Homeschool mum and writer for our Alumni series, Lynda, talks to our fourth interviewee, Joan. She homeschooled during her primary school years. She is currently studying at SJI International.
Since the tender age of 3, I’ve been home-schooled up to 12 years old: The last year of primary school. Many question why I home-schooled, and there are many reasons for that, but most importantly, home-schooling has been a joy for me, and even a way of life. When asked whether I regret being home-schooled, I would grin, and give a firm and definite no. I’ve learnt so much from home-schooling, it’s hard to forgo it. However, when the time comes, we eventually have to move out of our comfort zones, and interact more with the world around us, and not just live in the sheltered dome home-schoolers are almost always in. That’s when I made the decision: I was going to a school.
Tell me a bit about your family and a typical homeschooling day in your house!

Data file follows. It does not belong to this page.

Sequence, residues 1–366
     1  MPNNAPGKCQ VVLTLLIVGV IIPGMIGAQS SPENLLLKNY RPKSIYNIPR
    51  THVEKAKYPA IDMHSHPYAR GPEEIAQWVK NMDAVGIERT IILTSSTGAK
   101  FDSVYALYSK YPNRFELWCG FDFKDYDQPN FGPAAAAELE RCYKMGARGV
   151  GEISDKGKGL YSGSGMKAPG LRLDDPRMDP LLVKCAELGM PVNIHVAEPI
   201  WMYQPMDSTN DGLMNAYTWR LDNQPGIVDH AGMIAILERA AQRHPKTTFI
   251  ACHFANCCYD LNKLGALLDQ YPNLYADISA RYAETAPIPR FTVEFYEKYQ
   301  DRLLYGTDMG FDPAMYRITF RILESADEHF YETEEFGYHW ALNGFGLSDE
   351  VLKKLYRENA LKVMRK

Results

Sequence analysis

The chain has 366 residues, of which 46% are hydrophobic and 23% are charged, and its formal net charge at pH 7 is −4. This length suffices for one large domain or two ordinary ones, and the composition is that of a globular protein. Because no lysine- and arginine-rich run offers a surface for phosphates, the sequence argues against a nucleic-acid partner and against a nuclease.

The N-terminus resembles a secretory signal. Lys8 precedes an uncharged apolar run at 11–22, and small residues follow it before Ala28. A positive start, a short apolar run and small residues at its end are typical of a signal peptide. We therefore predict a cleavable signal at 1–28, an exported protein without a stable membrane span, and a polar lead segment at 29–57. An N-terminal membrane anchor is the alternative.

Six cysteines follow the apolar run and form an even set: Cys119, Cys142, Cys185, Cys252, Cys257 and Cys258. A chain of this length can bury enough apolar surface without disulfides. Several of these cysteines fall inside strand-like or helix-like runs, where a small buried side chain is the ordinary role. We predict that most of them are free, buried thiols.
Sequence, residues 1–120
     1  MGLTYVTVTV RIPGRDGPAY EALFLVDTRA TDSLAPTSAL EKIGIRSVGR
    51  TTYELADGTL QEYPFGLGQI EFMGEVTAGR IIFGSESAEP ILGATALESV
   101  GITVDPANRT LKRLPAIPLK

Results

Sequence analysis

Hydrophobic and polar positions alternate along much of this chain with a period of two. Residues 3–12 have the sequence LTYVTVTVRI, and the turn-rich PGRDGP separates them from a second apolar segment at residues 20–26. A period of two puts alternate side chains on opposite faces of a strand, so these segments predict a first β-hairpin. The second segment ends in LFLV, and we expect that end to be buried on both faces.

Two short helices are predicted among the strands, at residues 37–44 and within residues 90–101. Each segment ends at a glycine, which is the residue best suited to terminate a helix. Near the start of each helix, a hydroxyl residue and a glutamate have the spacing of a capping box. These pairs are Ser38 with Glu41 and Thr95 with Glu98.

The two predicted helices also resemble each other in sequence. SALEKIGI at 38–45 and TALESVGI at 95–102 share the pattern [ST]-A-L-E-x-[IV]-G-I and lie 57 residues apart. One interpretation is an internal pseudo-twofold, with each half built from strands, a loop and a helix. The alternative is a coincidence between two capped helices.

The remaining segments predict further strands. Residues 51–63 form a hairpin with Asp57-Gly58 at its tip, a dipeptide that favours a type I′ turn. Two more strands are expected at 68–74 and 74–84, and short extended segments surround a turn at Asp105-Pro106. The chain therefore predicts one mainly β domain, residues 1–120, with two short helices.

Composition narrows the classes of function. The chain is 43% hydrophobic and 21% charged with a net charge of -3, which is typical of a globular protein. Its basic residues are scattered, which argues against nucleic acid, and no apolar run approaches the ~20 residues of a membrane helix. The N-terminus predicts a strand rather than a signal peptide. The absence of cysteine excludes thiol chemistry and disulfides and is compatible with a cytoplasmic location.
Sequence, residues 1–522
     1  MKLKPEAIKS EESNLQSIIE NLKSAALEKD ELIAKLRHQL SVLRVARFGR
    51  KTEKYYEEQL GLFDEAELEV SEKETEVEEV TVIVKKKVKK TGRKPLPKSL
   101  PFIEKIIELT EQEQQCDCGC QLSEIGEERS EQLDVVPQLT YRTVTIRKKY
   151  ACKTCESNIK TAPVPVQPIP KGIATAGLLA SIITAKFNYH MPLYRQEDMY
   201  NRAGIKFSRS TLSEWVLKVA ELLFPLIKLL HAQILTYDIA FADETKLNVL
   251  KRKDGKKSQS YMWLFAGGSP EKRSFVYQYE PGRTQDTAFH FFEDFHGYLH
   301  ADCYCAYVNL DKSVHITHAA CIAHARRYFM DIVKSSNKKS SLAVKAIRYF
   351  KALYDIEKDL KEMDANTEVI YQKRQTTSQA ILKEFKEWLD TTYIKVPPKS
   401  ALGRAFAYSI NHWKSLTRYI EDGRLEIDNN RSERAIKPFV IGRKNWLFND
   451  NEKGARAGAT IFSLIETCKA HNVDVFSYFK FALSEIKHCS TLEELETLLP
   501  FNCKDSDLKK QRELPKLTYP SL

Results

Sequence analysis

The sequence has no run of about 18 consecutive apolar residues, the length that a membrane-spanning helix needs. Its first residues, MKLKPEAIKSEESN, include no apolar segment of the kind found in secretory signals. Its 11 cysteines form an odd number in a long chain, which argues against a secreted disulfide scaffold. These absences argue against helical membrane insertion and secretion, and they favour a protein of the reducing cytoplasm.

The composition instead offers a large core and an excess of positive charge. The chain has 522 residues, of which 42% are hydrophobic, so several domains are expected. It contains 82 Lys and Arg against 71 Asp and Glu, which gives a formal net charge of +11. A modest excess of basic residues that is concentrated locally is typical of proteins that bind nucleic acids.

I have two incredibly supportive and encouraging parents, and two mischievous younger brothers who make disturbing me their favourite past-time.
A typical home-schooling day consist of waking up and doing morning routines, doing any school work necessary while setting small, bite-sized goals to help me achieve a certain standard in my work. I would have a rather long lunch break- 1 hour, and would then get back to work until approximately 4. Once I’ve finished all my homework, I am free to do whatever I feel like doing that day (e.g. art and craft, piano).
What difficulties or challenges did you face whilst home-schooling and how did you overcome them?
Although home-schooling has helped me to set decent goals, because of the relaxed environments, I ended up delaying and not dong various things. Time management was also a problem: I could never wake up on time, and as such, is still a huge problem I face now. However, over time, I was pushed by various deadlines I had to meet, and eventually got better in those problems, even though I still have much trouble with that. In addition to that, I didn’t do much physical education, which results in me having a weak sports foundation, and a dislike for most sports. This is still a problem I face up to now.
What curriculum did you use in your primary years and what are the pros and cons?